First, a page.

You won’t find any artificial colourings or preservatives here, no hurried flurry muck, no mass-manufactured Magnums, just fresh fruit blended with quality nuts and natural ingredients.
Get your tongue dug into flavours like Mascarpone and fig or rum raisin and coconut. The milk-free sorbets are also great for vegans and the lactose intolerant. I had the dark chocolate sorbet and would never have known it contained no milk – pure creamy goodness.
Tip: Gio is from Milan originally and has worked with his friends back in Italy to produce a range of single-origin coffee. So if you’re in need of a caffeine hit…
Address: Baixada de Viladecols 2c, Bajos 2, Gothic Quarter
Nearest Metro: Jaume I (Yellow Line)
Hours: Tues–Sun 2pm–8pm
Turronería Sirvent (Sant Antoni) ~ An Institution
If you’re looking for something ‘dulce’ during your time in Barcelona, you won’t want to miss Sirvent’s handmade artisanal turróns. Let me backtrack for a moment.
Turrón, I should first explain, is a sort of sweet nougat that Spanish people typically enjoy around Christmas time (though many people – myself included – eat it all year-round). It originates from the province of Valencia and there are two types: the hard and crunchy Alicante variety, or the soft and chewy Xixona version. Ingredients include toasted almonds, honey and egg whites, although modern recipes utilise all sorts of fruit pralines and candied fruits, as well as chocolate and alcoholic liquors.
Dating back to 1920, Turronería Sirvent’s seriously tempting turróns are widely considered to be the world’s finest. Whatever time of year you visit, a few slabs of this will have you feeling festive in no time.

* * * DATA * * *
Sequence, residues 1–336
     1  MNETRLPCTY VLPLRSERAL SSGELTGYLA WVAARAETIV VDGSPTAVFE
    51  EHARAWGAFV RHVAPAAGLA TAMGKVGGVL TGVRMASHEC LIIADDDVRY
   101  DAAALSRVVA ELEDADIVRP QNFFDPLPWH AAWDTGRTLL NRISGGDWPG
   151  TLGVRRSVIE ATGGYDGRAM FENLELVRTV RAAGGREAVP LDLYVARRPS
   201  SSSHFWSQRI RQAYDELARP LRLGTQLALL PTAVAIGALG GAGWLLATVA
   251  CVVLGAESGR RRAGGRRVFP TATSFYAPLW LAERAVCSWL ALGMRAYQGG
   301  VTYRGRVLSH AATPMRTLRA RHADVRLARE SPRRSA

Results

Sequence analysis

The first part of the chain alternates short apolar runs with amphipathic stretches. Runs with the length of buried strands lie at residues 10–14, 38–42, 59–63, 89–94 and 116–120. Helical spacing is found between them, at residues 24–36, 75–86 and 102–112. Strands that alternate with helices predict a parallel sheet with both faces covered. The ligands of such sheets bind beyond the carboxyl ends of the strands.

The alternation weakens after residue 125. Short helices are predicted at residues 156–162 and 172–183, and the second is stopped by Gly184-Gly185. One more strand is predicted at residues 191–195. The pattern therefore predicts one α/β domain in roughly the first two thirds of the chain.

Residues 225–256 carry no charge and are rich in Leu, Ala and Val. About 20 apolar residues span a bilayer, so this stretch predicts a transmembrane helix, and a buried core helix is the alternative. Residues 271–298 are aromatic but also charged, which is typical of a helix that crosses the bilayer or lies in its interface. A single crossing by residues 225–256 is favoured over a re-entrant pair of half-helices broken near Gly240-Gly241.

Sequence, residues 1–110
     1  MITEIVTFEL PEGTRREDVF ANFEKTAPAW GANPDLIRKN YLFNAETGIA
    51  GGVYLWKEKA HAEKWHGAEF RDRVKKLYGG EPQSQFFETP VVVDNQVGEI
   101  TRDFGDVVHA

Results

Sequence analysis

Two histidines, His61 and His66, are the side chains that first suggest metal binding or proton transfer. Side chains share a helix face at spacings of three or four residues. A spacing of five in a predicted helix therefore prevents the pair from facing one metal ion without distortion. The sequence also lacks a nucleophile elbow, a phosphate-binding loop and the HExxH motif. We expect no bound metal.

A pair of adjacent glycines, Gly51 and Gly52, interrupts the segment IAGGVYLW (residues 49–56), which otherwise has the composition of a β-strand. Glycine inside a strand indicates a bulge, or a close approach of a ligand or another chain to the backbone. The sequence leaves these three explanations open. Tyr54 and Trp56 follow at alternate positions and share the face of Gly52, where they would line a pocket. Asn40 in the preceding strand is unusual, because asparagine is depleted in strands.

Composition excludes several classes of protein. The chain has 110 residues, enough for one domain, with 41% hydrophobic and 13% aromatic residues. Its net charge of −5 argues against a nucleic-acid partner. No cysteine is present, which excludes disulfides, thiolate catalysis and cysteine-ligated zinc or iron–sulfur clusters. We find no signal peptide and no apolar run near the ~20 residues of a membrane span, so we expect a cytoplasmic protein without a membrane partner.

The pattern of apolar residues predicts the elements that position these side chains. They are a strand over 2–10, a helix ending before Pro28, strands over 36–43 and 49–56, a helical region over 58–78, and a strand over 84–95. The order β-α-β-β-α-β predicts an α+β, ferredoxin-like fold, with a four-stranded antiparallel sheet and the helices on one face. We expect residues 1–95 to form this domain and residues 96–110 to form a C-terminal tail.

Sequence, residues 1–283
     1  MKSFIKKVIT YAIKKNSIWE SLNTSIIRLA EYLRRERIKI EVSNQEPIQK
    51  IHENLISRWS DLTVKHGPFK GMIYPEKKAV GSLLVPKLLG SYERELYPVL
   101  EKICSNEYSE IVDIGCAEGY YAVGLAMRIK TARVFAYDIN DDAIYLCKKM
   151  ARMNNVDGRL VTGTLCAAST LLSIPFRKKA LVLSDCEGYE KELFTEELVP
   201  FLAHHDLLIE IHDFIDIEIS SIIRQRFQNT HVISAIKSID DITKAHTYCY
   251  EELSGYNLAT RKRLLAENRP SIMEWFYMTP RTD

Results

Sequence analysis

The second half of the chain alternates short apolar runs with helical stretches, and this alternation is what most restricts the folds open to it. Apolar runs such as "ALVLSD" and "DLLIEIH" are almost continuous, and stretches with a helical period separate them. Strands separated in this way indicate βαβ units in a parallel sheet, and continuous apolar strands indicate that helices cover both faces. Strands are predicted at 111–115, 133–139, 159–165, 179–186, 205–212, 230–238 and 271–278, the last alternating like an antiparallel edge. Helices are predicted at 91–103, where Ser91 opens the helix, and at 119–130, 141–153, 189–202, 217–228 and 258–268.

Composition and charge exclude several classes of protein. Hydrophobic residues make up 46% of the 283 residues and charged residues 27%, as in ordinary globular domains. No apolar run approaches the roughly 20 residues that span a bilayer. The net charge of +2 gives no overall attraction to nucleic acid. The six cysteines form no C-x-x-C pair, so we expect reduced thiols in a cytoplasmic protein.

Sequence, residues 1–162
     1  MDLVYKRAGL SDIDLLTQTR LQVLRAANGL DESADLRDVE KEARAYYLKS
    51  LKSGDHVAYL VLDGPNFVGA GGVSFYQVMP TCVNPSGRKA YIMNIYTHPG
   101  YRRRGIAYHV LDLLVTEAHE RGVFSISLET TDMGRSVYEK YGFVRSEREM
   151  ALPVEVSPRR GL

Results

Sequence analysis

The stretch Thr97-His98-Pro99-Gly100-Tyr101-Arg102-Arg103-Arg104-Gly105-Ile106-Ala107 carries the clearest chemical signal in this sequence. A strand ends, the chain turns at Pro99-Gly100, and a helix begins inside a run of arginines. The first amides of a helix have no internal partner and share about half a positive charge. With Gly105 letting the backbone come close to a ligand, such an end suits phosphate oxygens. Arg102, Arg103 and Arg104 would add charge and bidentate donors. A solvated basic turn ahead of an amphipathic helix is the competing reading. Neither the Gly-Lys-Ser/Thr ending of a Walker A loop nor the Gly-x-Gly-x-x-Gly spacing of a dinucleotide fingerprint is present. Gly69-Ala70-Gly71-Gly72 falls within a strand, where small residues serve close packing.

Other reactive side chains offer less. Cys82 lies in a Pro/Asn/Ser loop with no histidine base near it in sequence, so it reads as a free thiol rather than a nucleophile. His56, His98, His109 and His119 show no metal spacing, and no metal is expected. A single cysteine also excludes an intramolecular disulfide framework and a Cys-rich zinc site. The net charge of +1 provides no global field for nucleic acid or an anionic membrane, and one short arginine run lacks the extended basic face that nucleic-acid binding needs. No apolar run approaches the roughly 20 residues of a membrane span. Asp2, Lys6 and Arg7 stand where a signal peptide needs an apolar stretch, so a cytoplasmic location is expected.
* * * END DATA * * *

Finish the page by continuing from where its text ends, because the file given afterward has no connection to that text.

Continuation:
Address: Carrer del Parlament, 56, Sant Antoni
Nearest Metro: Sant Antoni (Purple Line)
Hours: Daily 10am to 9pm
Xurreria Trébol (Gracia/Eixample) ~ 24h Churros con Chocolate
Most of us would agree that breakfast is the most important meal of the day, but in Spain it’s more of an excuse to get jacked up on sugar and caffeine — not that you’ll find me complaining! There’s no better way to start your day than with the delights of traditional deep fried, chocolate dunked, caramel cream filled churros.
Xurreria Trébol is one of Barcelona’s most iconic xurrerias – said to be the oldest and best in the city – and has a reputation for making crunchy and doughy sugar-coated sensations just like they did back in the good ol’ days. And to prove just how popular they are, their ancient store is now open 24 hours a day, serving everyone from early bird breakfast goers to late night revellers.
Because after all, life’s too short for muesli.
Address: Carrer de Còrsega, 341, Gracia/Eixample
Nearest Metro: Diagonal (Blue Line)
Hours: Mon to Thu: 9am – 9pm, Fri to Sun: 24 hours